Friday, January 03, 2014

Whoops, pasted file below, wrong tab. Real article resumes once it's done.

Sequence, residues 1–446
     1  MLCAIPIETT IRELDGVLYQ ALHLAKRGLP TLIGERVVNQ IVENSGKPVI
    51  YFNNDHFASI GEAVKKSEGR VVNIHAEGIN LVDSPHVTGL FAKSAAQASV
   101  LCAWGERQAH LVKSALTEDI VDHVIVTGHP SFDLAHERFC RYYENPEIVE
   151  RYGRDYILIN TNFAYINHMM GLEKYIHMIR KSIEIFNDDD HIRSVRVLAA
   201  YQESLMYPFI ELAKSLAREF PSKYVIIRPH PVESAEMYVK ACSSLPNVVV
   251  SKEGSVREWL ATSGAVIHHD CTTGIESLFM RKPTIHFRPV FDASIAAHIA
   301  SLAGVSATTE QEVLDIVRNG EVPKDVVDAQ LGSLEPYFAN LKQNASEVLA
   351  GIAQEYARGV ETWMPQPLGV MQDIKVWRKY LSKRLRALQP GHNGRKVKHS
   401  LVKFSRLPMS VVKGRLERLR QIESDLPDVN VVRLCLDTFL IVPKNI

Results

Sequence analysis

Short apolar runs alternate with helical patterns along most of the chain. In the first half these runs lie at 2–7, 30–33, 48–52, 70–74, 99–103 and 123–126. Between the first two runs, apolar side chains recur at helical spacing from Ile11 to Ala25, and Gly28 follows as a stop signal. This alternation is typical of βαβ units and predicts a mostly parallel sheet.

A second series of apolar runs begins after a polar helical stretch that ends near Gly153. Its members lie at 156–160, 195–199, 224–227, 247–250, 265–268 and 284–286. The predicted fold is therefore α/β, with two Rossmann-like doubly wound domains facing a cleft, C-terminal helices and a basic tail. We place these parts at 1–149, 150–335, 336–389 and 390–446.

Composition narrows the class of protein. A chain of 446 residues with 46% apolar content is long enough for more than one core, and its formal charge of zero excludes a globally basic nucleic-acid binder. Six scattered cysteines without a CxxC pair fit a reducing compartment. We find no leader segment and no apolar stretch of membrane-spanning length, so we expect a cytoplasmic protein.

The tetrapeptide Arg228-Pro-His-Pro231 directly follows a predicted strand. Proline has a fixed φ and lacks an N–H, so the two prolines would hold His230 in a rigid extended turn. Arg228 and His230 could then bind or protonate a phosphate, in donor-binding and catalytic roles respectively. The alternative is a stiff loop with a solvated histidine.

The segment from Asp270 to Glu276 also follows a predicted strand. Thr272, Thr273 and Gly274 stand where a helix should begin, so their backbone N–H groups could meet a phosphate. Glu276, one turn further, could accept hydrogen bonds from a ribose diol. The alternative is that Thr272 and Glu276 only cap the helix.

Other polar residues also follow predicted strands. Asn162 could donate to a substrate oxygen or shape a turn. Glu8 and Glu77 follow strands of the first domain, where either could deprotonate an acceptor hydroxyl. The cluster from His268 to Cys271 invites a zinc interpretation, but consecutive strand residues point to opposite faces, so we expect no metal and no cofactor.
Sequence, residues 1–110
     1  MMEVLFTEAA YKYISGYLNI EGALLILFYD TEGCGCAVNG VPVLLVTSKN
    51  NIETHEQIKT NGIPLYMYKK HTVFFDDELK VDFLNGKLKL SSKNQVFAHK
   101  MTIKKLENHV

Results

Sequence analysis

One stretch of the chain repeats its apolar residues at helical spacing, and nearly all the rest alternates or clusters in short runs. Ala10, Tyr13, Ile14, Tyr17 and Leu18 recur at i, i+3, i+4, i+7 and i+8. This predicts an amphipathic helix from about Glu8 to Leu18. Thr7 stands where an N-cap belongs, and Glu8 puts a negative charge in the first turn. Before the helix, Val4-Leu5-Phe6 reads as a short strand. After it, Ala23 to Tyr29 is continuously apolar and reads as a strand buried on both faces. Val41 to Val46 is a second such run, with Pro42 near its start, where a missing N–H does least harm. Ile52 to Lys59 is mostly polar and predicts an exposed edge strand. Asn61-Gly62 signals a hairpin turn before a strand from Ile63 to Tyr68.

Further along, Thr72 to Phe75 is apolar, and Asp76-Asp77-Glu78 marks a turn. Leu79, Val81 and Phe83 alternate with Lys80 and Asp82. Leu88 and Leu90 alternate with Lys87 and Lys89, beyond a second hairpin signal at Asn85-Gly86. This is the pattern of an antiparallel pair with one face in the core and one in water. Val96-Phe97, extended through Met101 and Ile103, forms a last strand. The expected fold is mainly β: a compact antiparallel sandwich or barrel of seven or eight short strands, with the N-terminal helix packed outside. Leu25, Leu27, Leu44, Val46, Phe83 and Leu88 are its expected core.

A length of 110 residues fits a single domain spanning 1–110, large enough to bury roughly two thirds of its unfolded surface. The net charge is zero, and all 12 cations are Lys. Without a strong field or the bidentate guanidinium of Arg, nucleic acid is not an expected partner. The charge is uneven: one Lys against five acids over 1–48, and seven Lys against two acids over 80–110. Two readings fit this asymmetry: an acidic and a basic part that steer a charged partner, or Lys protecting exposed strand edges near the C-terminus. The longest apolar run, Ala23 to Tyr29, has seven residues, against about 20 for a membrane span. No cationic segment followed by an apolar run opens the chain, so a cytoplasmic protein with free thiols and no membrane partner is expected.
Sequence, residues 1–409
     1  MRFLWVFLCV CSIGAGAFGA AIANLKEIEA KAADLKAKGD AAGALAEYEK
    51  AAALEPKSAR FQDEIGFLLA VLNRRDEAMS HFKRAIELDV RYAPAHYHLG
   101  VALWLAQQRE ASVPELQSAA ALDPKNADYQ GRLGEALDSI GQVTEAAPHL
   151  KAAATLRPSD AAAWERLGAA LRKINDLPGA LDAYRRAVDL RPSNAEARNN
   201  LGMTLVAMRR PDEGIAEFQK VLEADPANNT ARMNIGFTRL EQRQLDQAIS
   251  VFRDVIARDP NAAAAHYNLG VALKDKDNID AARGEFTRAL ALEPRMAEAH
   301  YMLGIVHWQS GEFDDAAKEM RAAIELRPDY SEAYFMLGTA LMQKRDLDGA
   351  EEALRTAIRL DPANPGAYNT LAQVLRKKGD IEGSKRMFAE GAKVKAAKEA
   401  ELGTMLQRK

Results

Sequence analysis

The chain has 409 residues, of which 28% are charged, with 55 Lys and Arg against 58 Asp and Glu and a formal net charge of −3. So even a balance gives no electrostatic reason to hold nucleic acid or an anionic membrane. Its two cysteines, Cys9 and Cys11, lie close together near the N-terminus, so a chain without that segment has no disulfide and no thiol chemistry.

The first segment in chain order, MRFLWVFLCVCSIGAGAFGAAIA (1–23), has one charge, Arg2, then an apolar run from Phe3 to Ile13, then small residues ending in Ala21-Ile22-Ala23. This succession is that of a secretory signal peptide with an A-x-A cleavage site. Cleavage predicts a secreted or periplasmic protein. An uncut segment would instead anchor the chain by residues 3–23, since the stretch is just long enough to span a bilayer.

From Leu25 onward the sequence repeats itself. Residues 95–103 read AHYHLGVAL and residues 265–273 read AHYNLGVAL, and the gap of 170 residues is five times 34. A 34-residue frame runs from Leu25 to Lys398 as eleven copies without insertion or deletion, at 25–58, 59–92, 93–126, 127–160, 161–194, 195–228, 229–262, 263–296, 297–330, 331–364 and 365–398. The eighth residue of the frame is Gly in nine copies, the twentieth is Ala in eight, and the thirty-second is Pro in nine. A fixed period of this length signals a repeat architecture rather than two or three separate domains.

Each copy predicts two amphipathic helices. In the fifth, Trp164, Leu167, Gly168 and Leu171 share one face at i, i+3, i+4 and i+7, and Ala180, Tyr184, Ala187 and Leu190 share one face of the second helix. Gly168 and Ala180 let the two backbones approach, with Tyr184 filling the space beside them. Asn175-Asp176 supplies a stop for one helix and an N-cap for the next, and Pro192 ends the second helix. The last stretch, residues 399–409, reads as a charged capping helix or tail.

"Menard's version, the narrator claims, is 'more subtle' and 'infinitely richer' than Cervantes'. Menard, who is both historically and linguistically removed from the seventeenth-century Spanish setting, has a wider variety of subjects, forms, languages, and techniques at his disposal, and his knowledge -- of theory, at least -- is greater than Cervantes', who had access only to everything up through 1604. These extra three centuries provide Menard with a vastly larger reservoir to draw from, and his skillful selection of form and subject makes him the greater genius. Menard's work 'points to a new conception of the historical novel'; Cervantes' work, by contrast, is merely a satire of his contemporary world in the contemporary language."

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